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The Effects of Converting Pastureland to Cropland

Anara Ferguson | February 19th, 2018


As crop prices rise, many farmers are looking to their pastureland or their Conservation Reserve Program (CRP) land as a potential source of new income. Though this may seem like a good choice due to its potential of profit, there is actually serious consequences in converting your pastureland/CRP land into cropland.

 

Pastureland is a field that is covered with grass that is suitable for the grazing of livestock. Pastureland has many benefits to both the farmer and their animals, such as a sustainable and economical source of feed for animals, can reduce the amount of labour required in regards to livestock feeding, help build soil stability and reduce erosion.

CRP land is sensitive land that a farmer has enrolled in the CRP program in exchange for a yearly payment. The goal of CRP land is to re-establish valuable land cover, improve water quality, reduce soil erosion and limit the loss of wildlife habitats. Both of these land types play important environmental roles!


Crop prices are on the rise and certain crops are in high demand, because of this, farmers are looking at their pastureland and CRP land as potential for profit. The biggest issue with converting these lands into cropland is soil erosion. Soil plays a massive role in our existence. Without soil, trees and plants would not exist and neither would we. Not only does soil play an important role in our food chain and air supply but it also stores billions of tonnes of carbon, helping to minimize greenhouse gases as well as filtering and cleaning our water supply. When a farmer chooses to turn pastureland or CRP land into crop land, the chances of soil erosion increase exponentially. Cropland are left bare for part of the year which leaves the soil exposed to wind and water, accelerating soil erosion. As water accumulates over land, either from rain or watering, the soil is loosened and begins to move down slopes with flowing water. Most of the soil that is moved down hill is usually the most fertile soil containing the needed nutrients for crops and vegetation.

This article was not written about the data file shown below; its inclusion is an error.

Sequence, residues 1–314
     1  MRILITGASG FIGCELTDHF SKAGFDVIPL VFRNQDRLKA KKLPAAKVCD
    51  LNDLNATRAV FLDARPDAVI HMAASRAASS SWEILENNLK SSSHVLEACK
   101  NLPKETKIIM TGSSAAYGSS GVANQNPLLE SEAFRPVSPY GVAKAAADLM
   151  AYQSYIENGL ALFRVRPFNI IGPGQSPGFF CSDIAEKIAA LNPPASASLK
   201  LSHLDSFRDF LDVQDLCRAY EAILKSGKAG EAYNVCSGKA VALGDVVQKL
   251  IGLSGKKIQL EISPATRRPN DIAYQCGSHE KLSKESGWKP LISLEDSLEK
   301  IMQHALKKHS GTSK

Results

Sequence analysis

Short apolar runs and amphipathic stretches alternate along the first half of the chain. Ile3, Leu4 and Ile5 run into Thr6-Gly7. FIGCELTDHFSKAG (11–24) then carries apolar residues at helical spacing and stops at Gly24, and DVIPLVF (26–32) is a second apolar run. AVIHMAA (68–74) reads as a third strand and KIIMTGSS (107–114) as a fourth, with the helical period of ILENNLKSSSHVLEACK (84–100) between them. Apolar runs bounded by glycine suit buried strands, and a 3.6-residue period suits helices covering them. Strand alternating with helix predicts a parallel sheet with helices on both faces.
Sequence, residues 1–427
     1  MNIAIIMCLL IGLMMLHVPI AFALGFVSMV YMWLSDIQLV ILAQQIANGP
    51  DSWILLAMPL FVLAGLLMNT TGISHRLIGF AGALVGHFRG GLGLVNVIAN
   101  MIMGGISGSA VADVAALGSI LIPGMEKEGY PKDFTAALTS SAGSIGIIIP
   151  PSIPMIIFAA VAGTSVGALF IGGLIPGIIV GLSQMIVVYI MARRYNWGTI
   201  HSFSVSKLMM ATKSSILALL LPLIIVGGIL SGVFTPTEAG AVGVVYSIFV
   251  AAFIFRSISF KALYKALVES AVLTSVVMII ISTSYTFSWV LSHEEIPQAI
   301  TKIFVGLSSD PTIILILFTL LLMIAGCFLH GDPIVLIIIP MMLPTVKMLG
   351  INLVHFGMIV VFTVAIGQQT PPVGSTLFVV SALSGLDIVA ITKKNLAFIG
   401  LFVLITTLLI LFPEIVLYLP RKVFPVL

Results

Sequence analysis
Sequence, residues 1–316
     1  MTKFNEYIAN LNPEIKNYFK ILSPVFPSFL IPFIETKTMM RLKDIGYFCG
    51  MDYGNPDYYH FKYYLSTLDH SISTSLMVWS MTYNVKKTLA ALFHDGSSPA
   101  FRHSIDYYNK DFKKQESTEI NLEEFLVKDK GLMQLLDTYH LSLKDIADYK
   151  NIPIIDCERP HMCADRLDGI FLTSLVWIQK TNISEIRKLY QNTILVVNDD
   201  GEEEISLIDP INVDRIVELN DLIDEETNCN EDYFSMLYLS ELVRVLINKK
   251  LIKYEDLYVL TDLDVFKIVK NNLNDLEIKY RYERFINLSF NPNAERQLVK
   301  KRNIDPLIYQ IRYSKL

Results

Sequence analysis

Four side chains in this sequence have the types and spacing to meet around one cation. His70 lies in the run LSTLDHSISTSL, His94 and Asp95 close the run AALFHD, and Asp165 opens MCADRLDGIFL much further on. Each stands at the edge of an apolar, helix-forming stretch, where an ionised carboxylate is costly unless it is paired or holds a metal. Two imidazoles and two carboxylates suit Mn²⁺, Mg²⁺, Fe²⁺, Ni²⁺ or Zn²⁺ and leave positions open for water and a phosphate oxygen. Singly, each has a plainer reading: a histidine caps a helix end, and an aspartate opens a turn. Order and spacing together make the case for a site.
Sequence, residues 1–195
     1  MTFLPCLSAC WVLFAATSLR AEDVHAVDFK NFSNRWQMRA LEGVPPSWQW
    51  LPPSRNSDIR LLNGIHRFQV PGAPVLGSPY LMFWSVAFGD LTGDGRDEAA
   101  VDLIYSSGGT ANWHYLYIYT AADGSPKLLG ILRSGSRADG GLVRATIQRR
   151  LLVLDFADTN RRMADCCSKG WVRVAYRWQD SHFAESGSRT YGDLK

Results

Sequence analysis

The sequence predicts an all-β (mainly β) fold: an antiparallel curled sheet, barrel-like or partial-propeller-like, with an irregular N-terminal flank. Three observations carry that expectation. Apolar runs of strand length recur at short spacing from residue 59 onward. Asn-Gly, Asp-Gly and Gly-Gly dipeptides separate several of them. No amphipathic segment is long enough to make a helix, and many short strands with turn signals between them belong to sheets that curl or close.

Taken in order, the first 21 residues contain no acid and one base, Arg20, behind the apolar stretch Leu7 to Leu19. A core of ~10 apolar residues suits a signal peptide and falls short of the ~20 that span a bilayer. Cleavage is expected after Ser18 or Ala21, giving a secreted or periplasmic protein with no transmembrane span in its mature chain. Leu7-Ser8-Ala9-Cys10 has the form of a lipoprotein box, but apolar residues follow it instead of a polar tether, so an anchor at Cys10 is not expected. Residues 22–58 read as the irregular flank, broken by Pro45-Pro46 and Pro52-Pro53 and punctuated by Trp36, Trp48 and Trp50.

As the world’s population continues to rapidly grow, it puts a pressure on pastureland to convert over to cropland, however undesignated pastureland could be converted to cropland with proper soil management practices. One such practice is crop rotation where every third or fourth year the land is planted back into pasture with alfalfa and/or clover. Both are able to convert nitrogen from the air into the soil and acts as a “green manure”, eliminating the dependence on petroleum based synthetic fertilizers.

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Other than soil conservation and livestock grazing, another role that pastureland and CRP land play are natural habitats for wildlife. Pastureland and CRP land provide shelter, breeding grounds and food sources to a variety of wildlife. These wildlife species in turn help the farmer by pollinating crops, breaking down organic matter that provides nutrients to the soil and help control pests in nearby crops. A good example of this is certain bat species can eat up to 600 mosquitoes in an hour, certain birds can control gopher population and lady bugs eat many types of pests that can destroy crops.


Think more about what “profit” these land types are already providing us and keep them intact for the sake of you, your animals, and the wildlife that calls them home!

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